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Front. Public Health, 13 July 2022
Sec. Aging and Public Health
This article is part of the Research Topic Social Determinants of Health for the Global Aging Population in Pandemic and Disaster Environments View all 10 articles

Age Differences in Preferred Methods of Obtaining and Understanding Health Related Information During the COVID-19 Pandemic in Australia

  • 1School of Primary and Allied Health Care & National Centre for Healthy Ageing, Monash University, Frankston, VIC, Australia
  • 2Department of Paramedicine, Monash University, Frankston, VIC, Australia
  • 3Rehabilitation Ageing and Independent Living (RAIL) Research Centre, Monash University, Frankston, VIC, Australia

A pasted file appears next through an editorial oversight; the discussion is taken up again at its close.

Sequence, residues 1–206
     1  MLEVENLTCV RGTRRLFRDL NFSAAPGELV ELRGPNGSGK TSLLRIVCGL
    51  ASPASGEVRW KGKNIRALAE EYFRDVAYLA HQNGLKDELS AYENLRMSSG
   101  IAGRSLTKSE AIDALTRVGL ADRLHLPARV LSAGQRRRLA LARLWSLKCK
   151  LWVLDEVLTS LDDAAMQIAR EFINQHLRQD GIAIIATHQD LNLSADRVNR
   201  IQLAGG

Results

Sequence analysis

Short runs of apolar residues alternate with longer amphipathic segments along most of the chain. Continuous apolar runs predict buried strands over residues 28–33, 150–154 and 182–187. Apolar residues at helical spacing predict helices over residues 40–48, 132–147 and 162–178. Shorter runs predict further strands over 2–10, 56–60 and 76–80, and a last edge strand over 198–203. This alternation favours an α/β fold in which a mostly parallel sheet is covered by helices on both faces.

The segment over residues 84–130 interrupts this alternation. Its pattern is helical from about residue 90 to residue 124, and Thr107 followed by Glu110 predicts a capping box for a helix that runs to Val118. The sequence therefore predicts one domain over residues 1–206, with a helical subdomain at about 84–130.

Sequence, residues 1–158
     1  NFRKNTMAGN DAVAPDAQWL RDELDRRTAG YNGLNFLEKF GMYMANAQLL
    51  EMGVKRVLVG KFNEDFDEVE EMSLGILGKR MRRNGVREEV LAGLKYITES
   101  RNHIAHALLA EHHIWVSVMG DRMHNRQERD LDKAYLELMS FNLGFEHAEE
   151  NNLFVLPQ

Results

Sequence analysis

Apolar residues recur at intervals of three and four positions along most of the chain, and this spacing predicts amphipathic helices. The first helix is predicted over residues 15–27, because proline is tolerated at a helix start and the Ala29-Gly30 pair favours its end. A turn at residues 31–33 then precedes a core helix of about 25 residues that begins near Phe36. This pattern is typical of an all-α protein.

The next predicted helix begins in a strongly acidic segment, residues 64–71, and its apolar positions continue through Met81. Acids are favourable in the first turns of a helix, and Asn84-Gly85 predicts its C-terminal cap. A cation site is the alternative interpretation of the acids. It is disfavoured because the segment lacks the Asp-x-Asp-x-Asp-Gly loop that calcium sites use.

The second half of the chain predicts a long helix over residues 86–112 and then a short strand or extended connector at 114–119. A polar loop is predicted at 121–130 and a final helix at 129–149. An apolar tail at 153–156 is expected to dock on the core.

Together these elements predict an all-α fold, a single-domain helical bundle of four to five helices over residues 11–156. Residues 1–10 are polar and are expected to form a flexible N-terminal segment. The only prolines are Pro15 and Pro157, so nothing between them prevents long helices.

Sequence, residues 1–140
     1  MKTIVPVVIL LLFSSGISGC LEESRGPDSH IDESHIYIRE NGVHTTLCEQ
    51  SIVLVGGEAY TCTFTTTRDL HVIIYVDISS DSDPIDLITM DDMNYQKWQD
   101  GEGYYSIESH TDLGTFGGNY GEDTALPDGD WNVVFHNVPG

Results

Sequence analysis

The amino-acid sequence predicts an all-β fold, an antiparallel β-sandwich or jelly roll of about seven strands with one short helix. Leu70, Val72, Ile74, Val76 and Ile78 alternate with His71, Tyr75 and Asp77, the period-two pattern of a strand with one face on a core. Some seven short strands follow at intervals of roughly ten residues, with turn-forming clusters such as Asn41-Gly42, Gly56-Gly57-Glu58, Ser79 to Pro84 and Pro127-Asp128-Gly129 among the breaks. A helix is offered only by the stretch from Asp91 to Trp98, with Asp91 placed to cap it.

Methods of communications and the nature of messaging are critically important in influencing public behavior. The COVID-19 pandemic has resulted in major disruptions to all aspects of life globally and has triggered multiple approaches of health messaging to the general public to communicate COVID-19 preventative measures. This study aimed to identify: (1) differences between age groups in the main avenues used by people to obtain COVID-19 related information; and (2) whether age and information sources were associated with correct interpretation of government messaging relating to how people understand or interpret the terms “self-isolation” and “social distancing.” An online survey was conducted in 2020. Participants were aged over 18 years and grouped into age group decades. Differences in sources of COVID-19 information were compared visually between age groups. Logistic regression was used to determine whether age and each of the various methods of communication of COVID-19 information were independently associated with correct response to the self-isolation, or the social distancing statements. There were 3,300 survey respondents 85% female; age sub-groups: 18–29 (7.4%); 30–39 (10.6%); 40–49 (17.6%); 50–59 (22.9%); 60–69 (25.9%); 70–79 (13.9%); and 80+ (1.7%). People accessed public health messaging information from a wide variety of sources that changed as they aged (e.g., older people were more likely to be exposed to COVID-19 information via television news programs and less likely via social media platforms). Age was frequently associated with whether the message key terms were interpreted correctly or incorrectly, but in some cases, it promoted more correct responses whereas in others, fewer correct responses. There was no difference between being exposed to COVID-19 information via mainstream media, compared with social media, or compared with Government sources of information, in terms of whether COVID-19 messages were interpreted correctly. In order to improve future public health messaging, there is a need for multiple avenues of communication to meet the needs and preferences across and within age groups. Further investigation is warranted into the clarity of the content and method of delivery of public health messages, to ensure optimal understanding of public health messages by vulnerable populations and across the community.